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As Chauvin Verdict Was Read, Police Killed Black Ohio Teen Ma’Khia Bryant

Ma’Khia Bryant reportedly called 911 at 4:35 pm on Tuesday. Police responded 10 minutes later and shot her four times.

Black Lives Matter activists form a line across from a line of police to protest the police-perpetrated shooting of Ma'Khia Bryant on April 20, 2021, in Columbus, Ohio.

At the same time that verdicts were being read in the trial of former Minneapolis police officer Derek Chauvin, police in Columbus, Ohio, shot and killed a 16-year-old Black girl named Ma’Khia Bryant.

911 operators received a call at 4:35 pm, reported The Columbus Dispatch. Police responded, and 10 minutes after that call was made, an officer shot Bryant four times. She was pronounced dead at 5:21 pm.

Hazel Bryant, Ma’Khia Bryant’s aunt, spoke with a number of news outlets about the killing of her niece. She said Ma’Khia had made the 911 call and grabbed a knife in self defense after an altercation with someone else at her home left her feeling unsafe.

Police claim they have not yet confirmed that Ma’Khia was the one who called 911.

Paula Bryant, Ma’Khia’s mother, also spoke to reporters about her daughter’s death.

“She was a very loving, peaceful, little girl,” Paula Bryant said. “She was 16 years old, she was an honor roll student. Ma’Khia had a very motherly nature about her. She promoted peace.”

Demonstrators gathered at the scene of the shooting on Tuesday night, expressing grief and outrage at the killing, which came in close proximity to the announcement that Chauvin had been found guilty of three counts of murder and manslaughter for his killing of George Floyd last May.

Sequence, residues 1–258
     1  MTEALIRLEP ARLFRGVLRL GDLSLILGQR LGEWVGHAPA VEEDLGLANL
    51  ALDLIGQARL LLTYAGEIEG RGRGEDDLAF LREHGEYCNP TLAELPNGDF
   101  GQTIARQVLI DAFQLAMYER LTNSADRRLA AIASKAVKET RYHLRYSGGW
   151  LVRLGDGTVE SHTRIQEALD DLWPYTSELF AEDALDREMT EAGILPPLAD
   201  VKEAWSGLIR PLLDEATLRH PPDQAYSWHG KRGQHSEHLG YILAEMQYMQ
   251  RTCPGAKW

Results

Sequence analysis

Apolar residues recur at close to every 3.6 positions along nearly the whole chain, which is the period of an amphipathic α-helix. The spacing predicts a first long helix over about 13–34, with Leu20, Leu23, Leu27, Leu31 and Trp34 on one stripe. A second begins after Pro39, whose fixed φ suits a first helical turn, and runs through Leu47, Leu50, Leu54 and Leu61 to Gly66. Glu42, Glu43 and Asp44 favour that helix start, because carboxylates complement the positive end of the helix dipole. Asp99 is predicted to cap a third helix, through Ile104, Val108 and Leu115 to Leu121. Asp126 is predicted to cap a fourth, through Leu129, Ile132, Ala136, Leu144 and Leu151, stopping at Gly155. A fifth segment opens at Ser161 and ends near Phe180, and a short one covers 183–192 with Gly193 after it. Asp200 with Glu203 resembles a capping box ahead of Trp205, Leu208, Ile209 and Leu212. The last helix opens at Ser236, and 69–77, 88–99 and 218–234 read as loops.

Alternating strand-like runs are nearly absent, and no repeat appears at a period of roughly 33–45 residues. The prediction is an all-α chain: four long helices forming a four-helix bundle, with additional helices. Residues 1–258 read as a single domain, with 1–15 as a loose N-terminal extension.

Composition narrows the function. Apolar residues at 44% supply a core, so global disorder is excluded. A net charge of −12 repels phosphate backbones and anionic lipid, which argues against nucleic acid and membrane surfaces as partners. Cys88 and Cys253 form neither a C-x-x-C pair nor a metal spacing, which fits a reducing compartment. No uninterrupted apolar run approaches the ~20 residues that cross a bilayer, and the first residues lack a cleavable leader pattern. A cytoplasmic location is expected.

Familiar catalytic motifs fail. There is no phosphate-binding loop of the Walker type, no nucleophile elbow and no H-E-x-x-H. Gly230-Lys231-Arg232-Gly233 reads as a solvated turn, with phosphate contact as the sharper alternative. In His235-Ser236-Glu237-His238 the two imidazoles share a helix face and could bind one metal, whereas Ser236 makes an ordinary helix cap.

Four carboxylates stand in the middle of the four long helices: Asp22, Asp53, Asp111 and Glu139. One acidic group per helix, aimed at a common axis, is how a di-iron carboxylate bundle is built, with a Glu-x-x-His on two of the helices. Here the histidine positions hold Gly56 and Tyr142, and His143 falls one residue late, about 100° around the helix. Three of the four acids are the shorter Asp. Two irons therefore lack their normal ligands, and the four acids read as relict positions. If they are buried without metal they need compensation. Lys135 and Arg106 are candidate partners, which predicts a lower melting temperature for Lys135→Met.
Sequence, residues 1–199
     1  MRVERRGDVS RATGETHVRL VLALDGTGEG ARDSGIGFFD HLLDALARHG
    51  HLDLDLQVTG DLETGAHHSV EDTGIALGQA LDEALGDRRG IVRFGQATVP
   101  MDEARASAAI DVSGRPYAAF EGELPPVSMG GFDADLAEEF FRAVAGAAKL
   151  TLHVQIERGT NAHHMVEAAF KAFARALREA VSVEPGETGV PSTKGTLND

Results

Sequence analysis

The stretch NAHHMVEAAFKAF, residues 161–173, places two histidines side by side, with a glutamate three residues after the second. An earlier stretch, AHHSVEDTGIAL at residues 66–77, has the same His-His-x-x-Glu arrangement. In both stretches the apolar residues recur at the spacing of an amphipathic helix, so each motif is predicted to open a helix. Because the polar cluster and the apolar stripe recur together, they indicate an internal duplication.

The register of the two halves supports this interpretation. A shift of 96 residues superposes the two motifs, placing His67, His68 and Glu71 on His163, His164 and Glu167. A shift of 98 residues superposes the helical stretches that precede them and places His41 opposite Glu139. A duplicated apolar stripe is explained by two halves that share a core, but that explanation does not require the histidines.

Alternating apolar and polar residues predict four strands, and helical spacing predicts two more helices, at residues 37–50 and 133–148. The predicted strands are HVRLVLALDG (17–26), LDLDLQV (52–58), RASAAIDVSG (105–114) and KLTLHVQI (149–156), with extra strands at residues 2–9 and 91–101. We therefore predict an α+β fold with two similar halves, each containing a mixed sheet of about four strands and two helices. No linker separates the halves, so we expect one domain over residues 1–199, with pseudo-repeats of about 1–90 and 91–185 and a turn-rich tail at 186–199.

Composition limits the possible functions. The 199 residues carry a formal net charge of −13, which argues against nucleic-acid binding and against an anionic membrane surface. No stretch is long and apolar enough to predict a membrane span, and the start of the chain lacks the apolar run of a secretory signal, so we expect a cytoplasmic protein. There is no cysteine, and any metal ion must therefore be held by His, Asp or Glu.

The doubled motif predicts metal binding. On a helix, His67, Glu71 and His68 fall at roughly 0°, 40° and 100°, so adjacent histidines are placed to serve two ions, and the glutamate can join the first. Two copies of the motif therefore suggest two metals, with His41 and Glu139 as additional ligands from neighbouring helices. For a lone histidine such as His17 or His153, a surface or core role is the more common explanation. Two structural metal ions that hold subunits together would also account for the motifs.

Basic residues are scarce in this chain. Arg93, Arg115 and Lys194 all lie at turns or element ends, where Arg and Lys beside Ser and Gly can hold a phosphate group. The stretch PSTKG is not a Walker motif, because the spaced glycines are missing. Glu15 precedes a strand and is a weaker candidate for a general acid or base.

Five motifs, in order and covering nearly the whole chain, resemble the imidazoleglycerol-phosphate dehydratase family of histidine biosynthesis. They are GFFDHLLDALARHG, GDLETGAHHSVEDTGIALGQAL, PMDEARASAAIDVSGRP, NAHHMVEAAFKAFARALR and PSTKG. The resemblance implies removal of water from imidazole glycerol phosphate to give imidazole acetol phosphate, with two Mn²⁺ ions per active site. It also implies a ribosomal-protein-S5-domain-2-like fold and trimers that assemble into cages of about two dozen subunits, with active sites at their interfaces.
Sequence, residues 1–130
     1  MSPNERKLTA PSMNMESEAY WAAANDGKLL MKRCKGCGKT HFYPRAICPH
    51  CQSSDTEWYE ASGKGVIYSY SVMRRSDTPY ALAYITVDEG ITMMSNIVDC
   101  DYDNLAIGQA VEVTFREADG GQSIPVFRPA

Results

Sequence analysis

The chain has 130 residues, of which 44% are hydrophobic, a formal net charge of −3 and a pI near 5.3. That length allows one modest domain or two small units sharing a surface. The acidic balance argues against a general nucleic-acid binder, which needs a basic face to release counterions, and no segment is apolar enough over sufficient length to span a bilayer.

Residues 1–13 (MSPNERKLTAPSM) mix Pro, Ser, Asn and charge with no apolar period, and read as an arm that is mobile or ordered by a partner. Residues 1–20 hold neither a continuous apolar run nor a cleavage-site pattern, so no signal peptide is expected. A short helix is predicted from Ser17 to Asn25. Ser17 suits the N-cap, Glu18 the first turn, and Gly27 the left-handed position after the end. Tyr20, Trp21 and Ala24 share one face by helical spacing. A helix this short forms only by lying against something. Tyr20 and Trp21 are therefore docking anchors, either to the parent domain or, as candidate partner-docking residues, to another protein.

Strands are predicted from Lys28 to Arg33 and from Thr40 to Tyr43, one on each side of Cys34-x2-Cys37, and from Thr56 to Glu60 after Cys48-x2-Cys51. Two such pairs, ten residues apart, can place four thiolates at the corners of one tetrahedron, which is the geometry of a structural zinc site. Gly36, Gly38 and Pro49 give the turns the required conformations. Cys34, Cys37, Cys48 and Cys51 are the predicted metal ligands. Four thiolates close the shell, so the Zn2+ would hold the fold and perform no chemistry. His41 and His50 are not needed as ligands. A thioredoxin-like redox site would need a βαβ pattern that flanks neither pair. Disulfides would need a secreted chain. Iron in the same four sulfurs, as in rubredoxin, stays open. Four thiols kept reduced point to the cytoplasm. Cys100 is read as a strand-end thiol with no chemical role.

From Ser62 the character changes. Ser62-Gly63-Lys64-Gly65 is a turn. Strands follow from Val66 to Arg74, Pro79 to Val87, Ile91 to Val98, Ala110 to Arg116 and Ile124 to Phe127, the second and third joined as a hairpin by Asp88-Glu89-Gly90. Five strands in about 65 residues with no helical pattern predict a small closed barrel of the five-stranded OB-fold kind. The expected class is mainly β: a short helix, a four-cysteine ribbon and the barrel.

“It is absolutely devastating,” said Malissa Thomas-St. Clair, founder of Mothers of Murdered Columbus Children. “I’m driving home from an appointment in elation, honking my horn in jubilation, filled with hope, and thinking there’s maybe a turn that the nation deserves. And then, simultaneously, all of those feelings of positivity, brought down to devastation, in the blink of an eye.”

Brittney Cooper, an author, activist and professor at Rutgers University, also expressed anger over the news of Bryant’s death.

“We couldn’t even revel in our bit of relief for George Floyd without news that Columbus police killed [Bryant],” Cooper wrote in a tweet. “We don’t just want you to convict police. We want you to stop killing Black people! That is what we want!”

Meanwhile activist Leslie Mac wrote: “Just as we awaited this jury verdict” in the Chauvin trial, “this baby was murdered by the police who she called for help.”

Officials in Columbus made the unusual move to release the body camera footage just hours after the incident occurred. Interim Police Chief Michael Woods explained that doing so was necessary to address the public’s “desire and expectation to have transparency.”

Footage of the incident appears to show a fight happening outside of a home. A pair of teenagers, one identified to be Ma’Khia Bryant, tumble to the ground as police arrive. Bryant gets back up and engages with another person present, and raises her hand up while holding a knife. A police officer shoots Bryant four times. Bryant falls to the ground, and people can be heard screaming in the background.

“She’s a f—ing kid, man,” one person can be heard shouting to the officers.

After the body camera footage was released, grassroots organizer and abolitionist Bree Newsome Bass decried Ma’Khia’s killing as another clear example of the racist double standards that police use in deciding when to use deadly force.

“Black ppl holding any object in their hand or reaching for any object — even if it’s only the police officer’s imagination — is grounds for deadly force. White men gouging out a cop’s eyes, attacking cops with bear spray, throwing [a] fire extinguisher at a cop … no need to shoot,” Newsome Bass tweeted, referring to the January 6 attack of the U.S. Capitol by a violent mob of Trump supporters.

“If deadly force wasn’t necessary during 1/6 attack — except for one instance where a woman attempted to break thru a barrier after repeated warnings — then it wasn’t necessary in any of these cases involving Black & brown victims that have made headlines in recent yrs,” Newsome Bass said, concluding her second tweet with the hashtag #makhiabryant.